You’ve probably been in the attic, over the ceiling and under the roof and marveled at the heat in the summer and cold in the winter. The radiant energy bombarding the ceiling is a major input for the air conditioning system to cope with. That attic poses the biggest ongoing costs for homeowners and is responsible for the bulk of the average household’s energy consumption.
A new kind of roof-and-attic system field-tested at the Department of Energy’s Oak Ridge National Laboratory keeps homes cool in summer and prevents heat loss in winter. The design is a multi-seasonal efficiency almost unseen in today’s roof and attic designs.
To build in efficiency the new design is a system that uses controls for radiation, convection and insulation, including a passive ventilation system that pulls air from the eve of the attic into an inclined air space above the roof. Simply put – the roof deck is doubled with an extra air space between that’s vented.
The passive ventilation system pulls air that would have gone into the house up into an inclined air space above the roof so it can be carried up and out. The system also features controls for radiation, convection and a foiled covered polystyrene insulation. This insulation forms the heart of the system and can be fitted over and between rafters in new constructions or attached on top of an existing shingle roof system without the need to remove the old shingles.
Bill Miller of ORNL’s Building Envelope Group said, “Heat that would have gone into the house is carried up and out. And with a passive ventilation scheme, there are no moving parts, so it’s guaranteed to work.”
The best news is the new roof system design can be retrofitted with almost all roofing products. The heart of the design is a foiled covered polystyrene insulation that fits over and between rafters in new construction or can be attached on top of an existing shingle roof system. Homeowners don’t have to remove old shingles, which saves money.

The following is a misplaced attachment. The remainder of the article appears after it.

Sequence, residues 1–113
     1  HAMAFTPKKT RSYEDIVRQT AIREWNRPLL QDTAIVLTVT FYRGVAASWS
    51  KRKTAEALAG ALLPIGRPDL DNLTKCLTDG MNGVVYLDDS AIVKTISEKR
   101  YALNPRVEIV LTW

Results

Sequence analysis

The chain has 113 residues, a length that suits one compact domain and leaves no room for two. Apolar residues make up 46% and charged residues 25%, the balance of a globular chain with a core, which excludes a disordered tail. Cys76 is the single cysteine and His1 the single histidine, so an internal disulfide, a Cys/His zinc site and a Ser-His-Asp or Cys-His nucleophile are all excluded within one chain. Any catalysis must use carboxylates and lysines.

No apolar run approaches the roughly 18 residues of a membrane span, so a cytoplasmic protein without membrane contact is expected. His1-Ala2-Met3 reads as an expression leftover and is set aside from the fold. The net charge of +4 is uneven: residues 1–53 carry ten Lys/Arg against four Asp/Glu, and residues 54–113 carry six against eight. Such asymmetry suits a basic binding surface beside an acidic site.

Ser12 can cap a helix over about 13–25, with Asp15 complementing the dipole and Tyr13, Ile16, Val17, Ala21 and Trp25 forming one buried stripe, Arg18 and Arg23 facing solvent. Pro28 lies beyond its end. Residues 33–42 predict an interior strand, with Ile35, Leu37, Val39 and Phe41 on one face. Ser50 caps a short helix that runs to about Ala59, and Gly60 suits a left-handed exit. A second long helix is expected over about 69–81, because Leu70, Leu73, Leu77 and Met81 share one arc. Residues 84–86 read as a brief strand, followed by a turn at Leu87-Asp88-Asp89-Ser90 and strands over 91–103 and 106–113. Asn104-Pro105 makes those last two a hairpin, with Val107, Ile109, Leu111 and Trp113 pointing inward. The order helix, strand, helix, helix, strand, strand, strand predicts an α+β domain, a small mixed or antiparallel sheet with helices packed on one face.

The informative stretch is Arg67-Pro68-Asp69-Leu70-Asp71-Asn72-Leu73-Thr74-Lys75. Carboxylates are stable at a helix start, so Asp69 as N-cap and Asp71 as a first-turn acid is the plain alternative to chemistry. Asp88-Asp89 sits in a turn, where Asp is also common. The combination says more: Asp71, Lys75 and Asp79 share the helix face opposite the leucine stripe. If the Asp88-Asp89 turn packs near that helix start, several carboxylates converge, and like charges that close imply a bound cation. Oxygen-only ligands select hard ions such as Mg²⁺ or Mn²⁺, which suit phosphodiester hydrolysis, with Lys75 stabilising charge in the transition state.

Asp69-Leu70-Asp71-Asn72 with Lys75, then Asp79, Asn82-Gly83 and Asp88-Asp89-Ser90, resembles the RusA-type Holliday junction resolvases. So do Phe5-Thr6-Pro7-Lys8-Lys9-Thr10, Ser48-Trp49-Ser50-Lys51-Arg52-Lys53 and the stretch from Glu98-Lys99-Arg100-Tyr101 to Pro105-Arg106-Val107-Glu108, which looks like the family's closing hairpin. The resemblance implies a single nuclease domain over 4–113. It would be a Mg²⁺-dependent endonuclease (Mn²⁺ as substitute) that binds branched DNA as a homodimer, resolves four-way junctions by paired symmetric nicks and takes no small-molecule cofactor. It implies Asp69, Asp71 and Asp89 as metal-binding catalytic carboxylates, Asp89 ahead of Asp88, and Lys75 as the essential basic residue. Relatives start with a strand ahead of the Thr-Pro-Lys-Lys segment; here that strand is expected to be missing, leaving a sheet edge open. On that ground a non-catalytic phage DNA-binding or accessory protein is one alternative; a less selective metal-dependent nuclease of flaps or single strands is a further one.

The current practice for poorly sealed HVAC ducts leaking air conditioned air into an attic, a practice that ORNL estimates costs homeowners $100 to $300 per year, is to seal the attic with spray foam. Attic spray seals can run $8000 and save a few hundred annually.
But the ORNL retrofit system is expected to be cheaper and still come out even from projecting a $2,000 investment and save a hundred dollars or so.
The team is led by Bill Miller of ORNL’s Building Envelope Group and is working on designs that would lower initial installation costs even further to provide greater overall cost effectiveness.
The team’s paper, “Prototype Roof Deck Designed to Self-Regulate Deck Temperature and Reduce Heat Transfer” (a PDF file), has been published by the National Roofing Contractors Association.
This a graphic rich paper well worth a download and saving for later reference. (Docx File)
It’s certainly time for a roof design update. As seen in the paper the assaults on home heating and cooling from above are well worth a minor added investment.
Keep this one in mind when a new roof is needed.